This information is important for being prepared for your journey; we want you to have the best experience possible. If you only read one section, this one is key!
Ahead of Your Tour
- Please talk with your doctor about general health needs. We trust that you have talked with your doctor about general travel vaccinations you should have as precaution for travel. See the “General Health Information” section.
Travel insurance in case of serious medical emergency is strongly recommended. Full health coverage is available through Allianz Travel Insurance.
- Plan your flight reservations arriving into Sitka Rocky Gutierrez Airport (SIT) and departing from Juneau International Airport (JNU). Send a copy to the Naturalist Journeys office please.
- Soft sided luggage/duffel bags is easiest for packing. Pack essential medications in your carry-on luggage, as well as one day of clothing and optics in case of luggage delay.
Arrival into Sitka Rocky Gutierrez Airport
Please note. If you are delayed in travel, please FIRST call the number of your Guide. As a backup, contact our office (both numbers are on your emergency contact list).
The arrival airport for this tour is the Sitka Rocky Gutierrez Airport (SIT). Please plan to arrive no later than 2:30 PM on the first day of the tour. We STRONGLY recommend that you arrive the day prior to minimize any risk of missing the boat. If you do, Sitka is a wonderful town to explore ahead of time!
Departures from Juneau International Airport
The departure airport for this tour is the Juneau International Airport (JNU). Please plan your departures for after 11:30 AM.
Passports and Identification
The U.S. Coast Guard requires each passenger to provide identification & emergency contact information.
U.S. citizens or permanent residents may use a driver's license or other accepted government-issued ID. Passengers from outside the U.S. will need a valid passport to board the vessel. Passport and visa requirements are dependent on your nationality.
General Health Information
We will share your health information with your guide. This information will be kept confidential but is very important as we want to be best prepared in case of medical emergency. Do bring any prescription medications with you and its best if you have a copy of the prescription in case of loss. The crew is trained in both first aid and CPR and there are first aid supplies on board. There is not a physician on board.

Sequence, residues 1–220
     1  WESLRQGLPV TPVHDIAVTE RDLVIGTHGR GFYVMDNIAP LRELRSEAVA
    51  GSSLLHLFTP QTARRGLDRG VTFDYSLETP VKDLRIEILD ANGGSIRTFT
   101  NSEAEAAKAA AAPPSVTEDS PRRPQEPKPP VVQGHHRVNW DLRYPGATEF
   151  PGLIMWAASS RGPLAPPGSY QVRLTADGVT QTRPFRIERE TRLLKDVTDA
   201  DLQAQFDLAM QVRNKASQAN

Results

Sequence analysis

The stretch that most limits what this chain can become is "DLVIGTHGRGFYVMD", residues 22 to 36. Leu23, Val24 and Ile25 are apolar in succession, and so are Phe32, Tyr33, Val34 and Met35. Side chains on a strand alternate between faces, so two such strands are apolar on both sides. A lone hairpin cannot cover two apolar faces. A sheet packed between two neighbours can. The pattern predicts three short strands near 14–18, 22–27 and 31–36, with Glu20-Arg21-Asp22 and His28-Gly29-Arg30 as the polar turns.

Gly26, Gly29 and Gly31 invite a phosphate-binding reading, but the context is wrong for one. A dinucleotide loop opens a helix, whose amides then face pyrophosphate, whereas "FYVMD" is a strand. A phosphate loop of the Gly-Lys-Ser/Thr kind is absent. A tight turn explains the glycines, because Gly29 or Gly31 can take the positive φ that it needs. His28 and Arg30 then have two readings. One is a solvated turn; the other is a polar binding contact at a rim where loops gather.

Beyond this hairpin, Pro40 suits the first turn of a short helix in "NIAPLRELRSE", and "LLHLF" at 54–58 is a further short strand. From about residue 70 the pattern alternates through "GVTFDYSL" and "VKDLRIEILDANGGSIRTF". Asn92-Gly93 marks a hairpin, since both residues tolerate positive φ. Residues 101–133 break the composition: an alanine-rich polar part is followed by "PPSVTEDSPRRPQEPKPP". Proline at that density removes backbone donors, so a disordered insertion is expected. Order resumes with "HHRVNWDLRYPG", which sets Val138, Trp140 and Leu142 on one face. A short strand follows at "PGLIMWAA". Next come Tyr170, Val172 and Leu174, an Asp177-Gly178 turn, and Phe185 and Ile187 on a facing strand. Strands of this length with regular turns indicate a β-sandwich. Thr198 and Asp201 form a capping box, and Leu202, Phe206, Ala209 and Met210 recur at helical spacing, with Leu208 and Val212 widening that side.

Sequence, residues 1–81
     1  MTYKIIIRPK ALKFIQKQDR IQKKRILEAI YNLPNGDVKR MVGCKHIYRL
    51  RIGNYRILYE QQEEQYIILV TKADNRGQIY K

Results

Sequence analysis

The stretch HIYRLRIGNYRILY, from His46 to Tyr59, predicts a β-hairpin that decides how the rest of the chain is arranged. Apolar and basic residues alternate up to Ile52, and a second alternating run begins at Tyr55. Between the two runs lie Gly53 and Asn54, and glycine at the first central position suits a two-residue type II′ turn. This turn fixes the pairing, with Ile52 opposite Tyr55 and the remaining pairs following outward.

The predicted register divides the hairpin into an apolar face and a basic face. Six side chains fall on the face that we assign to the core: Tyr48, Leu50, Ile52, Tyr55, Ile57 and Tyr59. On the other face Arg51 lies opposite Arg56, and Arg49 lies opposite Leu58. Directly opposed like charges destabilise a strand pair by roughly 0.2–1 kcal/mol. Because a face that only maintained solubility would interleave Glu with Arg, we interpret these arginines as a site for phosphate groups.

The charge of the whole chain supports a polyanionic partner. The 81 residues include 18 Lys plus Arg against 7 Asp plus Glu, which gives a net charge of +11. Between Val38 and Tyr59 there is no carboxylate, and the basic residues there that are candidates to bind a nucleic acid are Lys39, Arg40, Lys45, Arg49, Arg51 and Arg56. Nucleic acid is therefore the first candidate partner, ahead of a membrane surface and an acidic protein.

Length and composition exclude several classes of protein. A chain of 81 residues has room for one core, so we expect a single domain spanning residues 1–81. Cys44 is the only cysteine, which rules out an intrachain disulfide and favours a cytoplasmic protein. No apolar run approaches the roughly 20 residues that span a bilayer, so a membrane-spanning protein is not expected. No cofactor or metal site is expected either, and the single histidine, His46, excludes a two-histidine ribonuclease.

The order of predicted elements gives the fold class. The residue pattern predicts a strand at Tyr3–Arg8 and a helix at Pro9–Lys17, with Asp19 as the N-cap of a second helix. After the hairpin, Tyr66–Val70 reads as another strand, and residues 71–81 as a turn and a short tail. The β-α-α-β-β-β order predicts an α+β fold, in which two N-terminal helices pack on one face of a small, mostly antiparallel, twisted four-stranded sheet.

Weather & Climate
The summertime climate in Southeast Alaska is usually quite mild, and there is a high chance of a high cloud cover during the day that keeps the heat at bay. Daytime temperatures range from the low 50s to high 60s, and at night and early mornings it will dip into the 40s. Since the journey takes place primarily on protected waters, windy conditions are not usually an issue. Additionally, rain is infrequent this time of year. However, it is always good to come prepared with rain gear that can double as a wind breaker layer.
Annoyances & Hazards
While the areas and waters we travel are mostly protected, in the event of high winds or open passageway crossings you may encounter rough water. Seasickness medication is kept on board all of our vessels. If you are prone to seasickness, you should consult your physician prior to your departure. The captain will update you when there might be extra motion so you can take the medication in enough time to be effective.
Good news! There aren’t mosquitoes in most of the areas we cruise in Southeast Alaska. If we do encounter them, your vessel crew can provide you with insect repellent. Mosquitoes are present in the Interior of Alaska and are most numerous in June and July. If you are concerned about mosquitoes while on a pre- or post-cruise land package, you should pack insect repellent.